What to do in Yucatan
Yucatan is one of the 32 states which make up Mexico. The state is located on the Yucatan peninsula and edges the southern coast of the Gulf of Mexico. Merida is the capital city, located within reach of Progreso, the major port serving the region. The climate is sub-tropical and the area is prone to hurricanes which leads to vulnerability with the almost uniformly flat terrain. Due to the geological composition of mainly limestone, the state is home to numerous cenotes.
Cenotes are sinkholes in the ground. They are formed when the limestone collapses due to erosion, exposing the freshwater underground. Dive teams have explored the depths of some sinkholes and have noted they are partially connected through complex underwater cave systems. Most of the cenotes popular with tourists are either fully open or only partially covered, while there are other cenotes which are accessible only through narrow cavelike entrances. Most visitors coming to Yucatan will travel to Valladolid for the cenotes located near, and within, the city. You will see an endless stream of photos taken at Ik Kil or Suytun on Instagram. While these cenotes are absolutely beautiful, I recommend Homun for a more unique experience to enjoy cenotes with the locals. My favorite cenote was Yaxbacaltun which required a small drive through the jungle on a dirt road to reach, but was totally worth the adventure. Cenotes have been an important source of freshwater and served as a site for sacrifice for the former Mayan empire.
Yucatan is home to several notable ancient Mayan cities as the area was the center of the once great empire. You can even find remnants of ruins in one of the parks in Merida. The most well known of these sites is Chichen Itza with Uxmal being a close second. Both are UNESCO heritage sites today and are visited by millions of people each year. Other notable sites within the state include Ek Balam and those along the Ruta Puuc (Labna, Xlapak, Sayil and Kabah). Unfortunately, during my stay the sites along Ruta Puuc were closed due to the pandemic. I highly recommend taking the time to visit Mayapan, which is located about 45 minutes driving time south of Merida, near the town of Telchaquillo. Mayapan was the political and cultural center of the empire after the fall of Chichen Itza and the other cities to the south. A visit to Mayapan is unique as you are still allowed to climb the various structures, including ascending the stairs of the Temple of Kulkulkan. The site is not as well-known as others which means you will not encounter the same crowds and overwhelming push of vendors looking to sell you souvenirs at every corner. A full write-up comparing Mayapan, Uxmal and Chichen Itza is coming soon.
If you are renting a car and driving yourself, or have the free time available, I highly recommend staying off the bigger highways and taking the smaller roads which connect the many small towns along the way to each destination. You will not be disappointed by the quaint charm of each town with their unique churches overlooking the respective town center. Stop off and talk with the local people and try some of the regional cuisine at the stalls set up along the roadway. Fresh fruit and juices are always available for refreshment while tacos, tortas, panuchos and salbutes are a perfect snack. Plus you will be helping the locals and what a perfect opportunity to practice your Spanish speaking skills! The local people are always friendly and seem excited to meet visitors with inquiries to your origin and what you think about the state. Personally, this was one of the highlights while I was exploring the state.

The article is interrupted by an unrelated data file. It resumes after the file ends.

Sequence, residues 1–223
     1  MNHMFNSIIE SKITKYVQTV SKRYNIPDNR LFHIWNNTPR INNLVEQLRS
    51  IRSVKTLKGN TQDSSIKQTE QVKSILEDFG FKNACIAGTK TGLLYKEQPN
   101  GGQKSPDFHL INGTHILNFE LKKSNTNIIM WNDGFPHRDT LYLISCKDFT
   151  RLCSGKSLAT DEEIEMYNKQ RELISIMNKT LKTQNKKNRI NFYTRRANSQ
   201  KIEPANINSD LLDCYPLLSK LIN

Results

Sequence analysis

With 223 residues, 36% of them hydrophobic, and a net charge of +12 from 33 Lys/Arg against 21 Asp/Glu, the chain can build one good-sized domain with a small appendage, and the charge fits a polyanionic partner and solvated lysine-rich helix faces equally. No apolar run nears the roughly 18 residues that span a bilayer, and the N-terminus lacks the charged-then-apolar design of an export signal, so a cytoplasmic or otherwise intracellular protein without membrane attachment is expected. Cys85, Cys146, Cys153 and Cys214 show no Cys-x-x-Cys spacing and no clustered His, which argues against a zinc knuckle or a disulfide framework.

Yucatan borders the Gulf of Mexico on its northern edge and the beaches do not disappoint. There are countless seaside towns offering white sand beaches, nature reserves in the mangroves and plenty of water sports to entertain anyone. The climate is always suitable for a day of soaking up the sun and surf and the water in the gulf is rarely too cold or too warm to enjoy. For anyone looking for a developed town on the beach with a boardwalk lined with restaurants, cafes, bars and souvenir shops all overlooking the beach, Progreso is the place for you. Home to the longest pier in the world, Puerto Progreso serves as the primary shipping port for the region. It is a very popular location for locals on holidays as well as tourists and expats throughout the year. For anyone looking for a more tranquil experience, El Cuyo is located at the edge of the state near the border with Quintana Roo (the state which hosts the most popular destinations such as Cancun, Cozumel, Playa del Carmen and Tulum). El Cuyo is a small sleepy town where Wifi is non-existent and cellular service is spotty and slow at best. The town is home to some of the friendliest people and a huge expanse of white sand which might be for you to enjoy alone. Be sure to enjoy the gorgeous sunsets on display every night.
No matter what your interests are while traveling, Yucatan has what you are looking for. The state is rich is culture and history bringing to life a delicious cuisine unique to the region. The locals are very friendly and always willing to lend assistance or information to ensure you love your experience here. Yucatan boasts a safety record and low crime rate not seen in other places, with Merida being notably the safest city in all of North America. I hope you will enjoy your time in Yucatan as I have.